Newspaper reports say congestion on the Jhonghe (中和) Intersection of National Highway No. 3 (also known as the Formosa Freeway or, confusingly, the “Second Freeway”) will be significantly relieved following the opening of Provincial Highway No. 65 and the Tucheng (土城) Interchange.
The Syuejia (學甲) system in Greater Tainan was opened some time ago, and the Minsyung (民雄) Interchange in Chiayi County and the Tongluo (銅鑼) Interchange in Miaoli County will open soon. These projects are gradually forming a “convenient” system of an interchange every 2km or 3km. One can imagine how many people will be induced by this “convenience” to quit using public transport and drive their cars instead.
It is becoming more convenient to drive one’s car, and this has led to a fall in passenger volume on public transport. The companies that run public transport services have to make a profit too. When passenger numbers fall, so does their performance, so naturally they lose interest in running this kind of business. Service becomes less frequent, and this gives rise to a vicious circle as people are further deterred from using mass transit. As a result, the use of private cars grows rapidly.
At first glance, the government has succeeded in creating a convenient and wide-reaching round-island transport network, but at this rate how can Taiwan manage to cut its carbon emissions?
Another example of how policies are going backward is this year’s decision to halt services on the high-volume and highly efficient Kaohsiung Harbor railway. The authorities have decided to dismantle the railway line, which connects directly with the harbor, and convert it into a container-truck road.
How much cargo can a goods train carry, compared with road transport? Which one is more environmentally friendly, and how much more so? Any sixth-grader could tell you the right answer. So why on earth is the government abandoning an environmentally friendly railway, with its high transport volume — especially considering that this railway was already electrified — and replacing it with heavy trucks that will rumble through the streets of Kaohsiung, spewing black fumes wherever they go?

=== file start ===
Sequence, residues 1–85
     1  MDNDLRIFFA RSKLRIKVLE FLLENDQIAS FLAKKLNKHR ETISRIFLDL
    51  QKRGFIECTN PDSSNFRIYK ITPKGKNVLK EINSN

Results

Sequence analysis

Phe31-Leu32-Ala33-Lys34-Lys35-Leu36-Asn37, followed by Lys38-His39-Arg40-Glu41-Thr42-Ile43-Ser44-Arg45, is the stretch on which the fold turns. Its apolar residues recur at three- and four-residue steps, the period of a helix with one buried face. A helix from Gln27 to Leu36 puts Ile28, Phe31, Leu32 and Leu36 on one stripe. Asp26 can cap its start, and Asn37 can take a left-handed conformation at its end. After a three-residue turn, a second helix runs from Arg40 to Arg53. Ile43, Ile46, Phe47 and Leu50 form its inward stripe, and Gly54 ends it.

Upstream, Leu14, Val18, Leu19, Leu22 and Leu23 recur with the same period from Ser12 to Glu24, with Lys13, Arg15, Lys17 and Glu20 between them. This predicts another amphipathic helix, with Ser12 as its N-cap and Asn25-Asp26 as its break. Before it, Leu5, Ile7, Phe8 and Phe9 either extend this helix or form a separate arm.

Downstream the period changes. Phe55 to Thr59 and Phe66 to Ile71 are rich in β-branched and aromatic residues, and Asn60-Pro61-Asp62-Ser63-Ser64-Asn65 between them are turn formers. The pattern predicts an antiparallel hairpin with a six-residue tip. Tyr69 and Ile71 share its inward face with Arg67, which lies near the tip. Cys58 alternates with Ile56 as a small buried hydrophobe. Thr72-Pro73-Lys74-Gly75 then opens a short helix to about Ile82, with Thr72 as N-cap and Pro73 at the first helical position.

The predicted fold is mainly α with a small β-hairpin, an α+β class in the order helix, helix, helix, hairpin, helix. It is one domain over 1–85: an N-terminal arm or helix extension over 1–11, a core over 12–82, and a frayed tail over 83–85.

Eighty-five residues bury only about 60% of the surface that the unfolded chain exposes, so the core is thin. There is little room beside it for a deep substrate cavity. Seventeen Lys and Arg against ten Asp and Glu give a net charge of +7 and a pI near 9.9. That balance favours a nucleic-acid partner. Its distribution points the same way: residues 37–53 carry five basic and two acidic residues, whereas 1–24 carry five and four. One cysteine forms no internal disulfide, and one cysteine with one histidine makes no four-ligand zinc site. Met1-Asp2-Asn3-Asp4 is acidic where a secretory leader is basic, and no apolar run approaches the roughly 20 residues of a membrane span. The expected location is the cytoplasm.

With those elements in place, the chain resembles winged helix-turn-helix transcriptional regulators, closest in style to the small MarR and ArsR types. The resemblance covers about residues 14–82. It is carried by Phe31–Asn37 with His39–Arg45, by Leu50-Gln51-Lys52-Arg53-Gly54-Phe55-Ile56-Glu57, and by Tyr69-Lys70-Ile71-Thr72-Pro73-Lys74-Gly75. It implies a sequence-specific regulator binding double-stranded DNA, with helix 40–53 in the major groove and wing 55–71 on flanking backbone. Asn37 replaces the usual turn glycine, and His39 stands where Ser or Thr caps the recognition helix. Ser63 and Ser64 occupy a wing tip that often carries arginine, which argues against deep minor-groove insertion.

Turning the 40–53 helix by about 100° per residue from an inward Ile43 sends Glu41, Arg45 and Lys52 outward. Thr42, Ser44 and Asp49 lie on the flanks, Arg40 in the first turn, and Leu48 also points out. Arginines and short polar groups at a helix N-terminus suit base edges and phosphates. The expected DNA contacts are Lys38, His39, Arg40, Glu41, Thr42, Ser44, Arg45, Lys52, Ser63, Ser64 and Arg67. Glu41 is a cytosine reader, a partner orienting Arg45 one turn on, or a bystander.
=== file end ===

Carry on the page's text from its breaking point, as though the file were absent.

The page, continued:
The authorities are also using the fact that the Kaohsiung mass rapid transport (MRT) system is underused to justify delaying construction of MRT networks in other places, but they have failed to thoroughly review the problem and create a well-integrated transport service.
How then are we going to get more people to ride on the Kaohsiung MRT? For example, people can hardly be expected to get off at the Cingpu MRT Station, which is not located near housing or shops, and then figure out their own way of reaching their destination.
The government should plan MRT systems and mass transport networks for all major conurbations. It should encourage city dwellers to get into the habit of using public transport. Among other things, this would help cut carbon emissions.
Beyond that, the government should plan branch railway lines that can offer an alternative to road transport. For example, a branch line could be built between the Fangliao (枋寮) railway station in Pingtung County and Kenting. That would allow people who want to visit Kenting to get there by fast and convenient rail transport and it would relieve the congestion that clogs the roads leading to Kenting on weekends and holidays.
The area around Kenting is a national park. Enabling people to go there by environmentally friendly and low-carbon means of transport would ensure that this scenic area remains well conserved and unharmed by human activity.
Teng Chih-chung is a director of the Railway Cultural Society, Taiwan
Translated by Julian Clegg
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